OVERVIEW Types of Natural Stone and Tile Quarrying Cuts and Matching Finishes Stone Construction Considerations When Specifying Maintaining Natural Stone Installation Examples
NATURAL STONE TYPES: TRAVERTINE Character: has voids, usually has some veining, variety of colors (mostly in the warm range). Formation: Travertine is a sedimentary rock formed by the precipitation of carbonate minerals. Applications: Floor and Wall Generally not chosen for kitchen countertops due to its low density, but travertine makes a beautiful countertop in a bathroom A popular choice for outdoor use; especially as cladding , pavers, or as pool surrounds. Travertine is naturally water „resistant” as it tends to push water out due to the way the stone is formed. Be sure to specify 1st choice travertine for most interior applications. This is the most dense material. Commercial grade travertine is much cheaper, but can be very sandy, disintegrate, and have large holes. Commercial grade may be appropriate for outdoor use in some cases—but not where erosion may be a concern.
NATURAL STONE TYPES: LIMESTONE Character: often has visible fossils embedded within, some color variety. Formation: Limestone is a sedimentary rock composed of different crystal forms of calcium carbonate. Most grains in limestone are skeletal fragments of marine organisms Application Floor and wall Not generally chosen for countertops due to its porosity and tendency to stain-- limestone is suitable for bathroom countertops, however. Not generally chosen for outdoor use for the same reasons, but it can be used with proper sealing Some limestones must be sealed from the front AND the back before installation to prevent the setting materials from staining the stone.
NATURAL STONE TYPES: MARBLE Character: Marble often has distinct veining with a wide variety of colors. Formation: Marble is a metamorphic crystalline rock formed when limestone has additional heat and pressure applied to it by the earth‟s crust, causing the stone to re-crystallize. Applications: Floor and Wall Countertops—occasionally. It is a popular material for bathroom countertops. It Can be too delicate for kitchen (depending on how the client will use it) New Sealing Products have made marble a more popular choice for interior countertops in recent years. Not usually a good choice for outdoor applications. Can be used in a sandblasted or other highly textured finish, but usually not preferred for countertops in outdoor kitchens or in wet areas.
NATURAL STONE TYPES: GRANITE Character: often has “busy” visual texture in a variety of colors. Formation: Granite is a plutonic igneous rock having visibly crystalline texture; generally composed of feldspar and mica and quartz Applications: Floor and wall: sometimes this is a desired look, but it can be very busy Countertops: the hardness of the stone makes granite the most popular choice for both kitchen and bathroom countertops. Suitable for any outdoor applications (be careful to choose the right finish) and exterior cladding
NATURAL STONE TYPES Slate Character: rough texture, mostly greys, but some varieties have dramatic some color variation. Formation: Slate is a fine-grained, foliated, homogeneous metamorphic rock derived from an original shale-type sedimentary rock composed of clay or volcanic ash Applications: Floor and wall: must consider shaling when choosing slate Not generally used as kitchen countertops due to shaling, but custom slab fabrication is available Great for outdoor use Quartzite Character: Looks similar to slate, but is harder and doesn‟t shale Formation: a very hard metamorphic rock consisting of a mosaic of intergrown quartz crystals Applications: Same as slate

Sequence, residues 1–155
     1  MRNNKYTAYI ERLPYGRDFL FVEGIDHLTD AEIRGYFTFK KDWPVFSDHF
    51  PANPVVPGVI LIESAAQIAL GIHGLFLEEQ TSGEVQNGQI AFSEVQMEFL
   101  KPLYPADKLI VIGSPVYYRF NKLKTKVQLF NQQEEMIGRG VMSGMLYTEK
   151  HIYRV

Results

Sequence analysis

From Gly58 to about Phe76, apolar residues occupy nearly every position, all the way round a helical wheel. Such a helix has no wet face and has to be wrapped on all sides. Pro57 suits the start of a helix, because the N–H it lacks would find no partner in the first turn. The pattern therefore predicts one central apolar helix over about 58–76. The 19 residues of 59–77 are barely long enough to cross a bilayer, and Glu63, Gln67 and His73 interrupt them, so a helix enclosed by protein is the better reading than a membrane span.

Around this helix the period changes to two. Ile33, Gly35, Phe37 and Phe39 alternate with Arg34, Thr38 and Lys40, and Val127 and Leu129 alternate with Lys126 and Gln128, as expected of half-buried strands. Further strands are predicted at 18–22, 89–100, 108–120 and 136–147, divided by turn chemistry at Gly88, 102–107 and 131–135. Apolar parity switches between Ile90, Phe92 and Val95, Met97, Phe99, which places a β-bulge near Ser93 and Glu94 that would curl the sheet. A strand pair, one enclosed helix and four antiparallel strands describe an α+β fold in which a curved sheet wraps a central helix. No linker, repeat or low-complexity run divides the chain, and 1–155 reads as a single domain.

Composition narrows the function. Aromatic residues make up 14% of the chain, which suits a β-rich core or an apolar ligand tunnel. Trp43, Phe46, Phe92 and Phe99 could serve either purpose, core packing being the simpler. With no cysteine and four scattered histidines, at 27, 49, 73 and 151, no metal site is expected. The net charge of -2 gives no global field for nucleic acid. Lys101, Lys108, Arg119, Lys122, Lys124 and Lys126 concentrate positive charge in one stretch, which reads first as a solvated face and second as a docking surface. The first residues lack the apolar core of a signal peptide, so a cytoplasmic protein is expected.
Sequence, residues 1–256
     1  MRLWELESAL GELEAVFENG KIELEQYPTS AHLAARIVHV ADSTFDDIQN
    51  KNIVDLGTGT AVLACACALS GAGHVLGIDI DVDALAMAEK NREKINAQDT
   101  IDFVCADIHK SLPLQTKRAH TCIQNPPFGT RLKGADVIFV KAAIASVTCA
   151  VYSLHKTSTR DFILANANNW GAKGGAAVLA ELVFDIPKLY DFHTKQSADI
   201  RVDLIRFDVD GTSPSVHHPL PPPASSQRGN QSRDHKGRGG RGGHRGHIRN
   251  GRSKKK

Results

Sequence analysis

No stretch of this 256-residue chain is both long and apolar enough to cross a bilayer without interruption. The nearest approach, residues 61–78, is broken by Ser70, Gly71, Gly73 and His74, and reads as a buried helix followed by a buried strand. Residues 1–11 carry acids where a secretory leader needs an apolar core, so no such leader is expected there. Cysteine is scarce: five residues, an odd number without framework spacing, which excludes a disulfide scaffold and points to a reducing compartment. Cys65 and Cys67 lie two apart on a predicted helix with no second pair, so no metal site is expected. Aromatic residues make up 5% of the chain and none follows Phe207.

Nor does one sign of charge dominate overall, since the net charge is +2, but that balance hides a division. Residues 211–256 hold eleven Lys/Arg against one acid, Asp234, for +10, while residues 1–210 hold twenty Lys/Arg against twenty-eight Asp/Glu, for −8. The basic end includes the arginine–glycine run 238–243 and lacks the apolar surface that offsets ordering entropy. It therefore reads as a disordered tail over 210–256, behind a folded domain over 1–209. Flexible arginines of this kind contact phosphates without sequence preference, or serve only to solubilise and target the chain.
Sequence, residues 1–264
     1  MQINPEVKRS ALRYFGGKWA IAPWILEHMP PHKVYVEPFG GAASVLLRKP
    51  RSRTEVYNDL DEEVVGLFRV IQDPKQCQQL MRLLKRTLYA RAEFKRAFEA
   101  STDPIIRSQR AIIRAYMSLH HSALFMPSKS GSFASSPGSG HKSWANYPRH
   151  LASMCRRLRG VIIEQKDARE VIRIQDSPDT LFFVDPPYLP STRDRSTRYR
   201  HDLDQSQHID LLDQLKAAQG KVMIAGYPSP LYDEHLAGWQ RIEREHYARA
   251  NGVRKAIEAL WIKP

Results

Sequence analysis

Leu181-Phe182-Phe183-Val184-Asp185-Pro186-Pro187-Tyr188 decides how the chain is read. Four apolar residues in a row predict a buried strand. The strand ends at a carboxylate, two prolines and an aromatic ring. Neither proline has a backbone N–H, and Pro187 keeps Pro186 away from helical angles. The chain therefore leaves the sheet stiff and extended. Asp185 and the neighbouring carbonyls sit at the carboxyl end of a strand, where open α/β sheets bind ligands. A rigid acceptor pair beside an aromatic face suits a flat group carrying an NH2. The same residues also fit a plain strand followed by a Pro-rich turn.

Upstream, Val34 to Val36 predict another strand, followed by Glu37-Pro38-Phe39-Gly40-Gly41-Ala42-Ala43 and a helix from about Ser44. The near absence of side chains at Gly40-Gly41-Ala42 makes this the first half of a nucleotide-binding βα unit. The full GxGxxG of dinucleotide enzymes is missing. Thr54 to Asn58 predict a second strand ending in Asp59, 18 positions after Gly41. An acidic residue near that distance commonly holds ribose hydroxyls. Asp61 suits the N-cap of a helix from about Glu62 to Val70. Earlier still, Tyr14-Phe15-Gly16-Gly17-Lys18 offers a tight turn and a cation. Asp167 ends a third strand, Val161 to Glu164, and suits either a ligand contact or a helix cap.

NATURAL STONE TYPES Onyx Character: translucent, can range from gold and oranges to green. Formation: Onyx is a cryptocrystalline form of quartz. Onyx is a sedimentary rock, formed as stalactites and stalagmites in cave interiors. Applications Floor, Wall and decorative. Onyx can be delicate, so be careful where you use it. Most popular for Vanity countertops or specialty surfaces Soap Stone Character: Grey, sometimes greenish. With white veining. Smooth “soapy” feel Formation: a metamorphic rock that is largely composed of the mineral talc Applications: Generally used for countertops Chemical and heat resistant but NOT scratch resistant Can be delicate—must be oiled regularly to keep color
STONE PRODUCTION Sourcing Natural stone comes from quarries world- wide. Certain stones are available only in certain parts of the world. Italy, Spain, and Turkey are major exporters of different types of natural stone Quarries After a deposit of a desired stone is discovered, engineers design a quarry plan Stone is excavated using drilling and blasting techniques Long tunnels are drilled vertically Explosives are inserted and detonated Large boulders are removed and processed into useable tile and slabs at the factories Let‟s watch a quarry blast! Factories Large blocks from the blast are either cut into specialty items like sinks, bathtubs, etc, or cut into large slabs which are then planed and cut into tiles Factories have specially calibrated machinery to make 90 degree corners and straight cuts. Be sure when purchasing that tile is properly calibrated! How Granite is sourced and produced
CUT TYPES AND MATCHING Cross Cut: stone is cut parallel to natural Random Match: A casual, unmatched layers, creating a cloudy movement in the effect with no attempt at a pattern (most grain common application) Book Match: a mirrored-image pattern at the joint line that produces a nearly continuous Vein Cut: stone is cut perpendicular to grain. natural layers, creating a linear movement in the grain Variations of Book matching include: end matching, diamond matching, and quarter matching. These are all special order because the factory must recalibrate the machinery to produce this effect.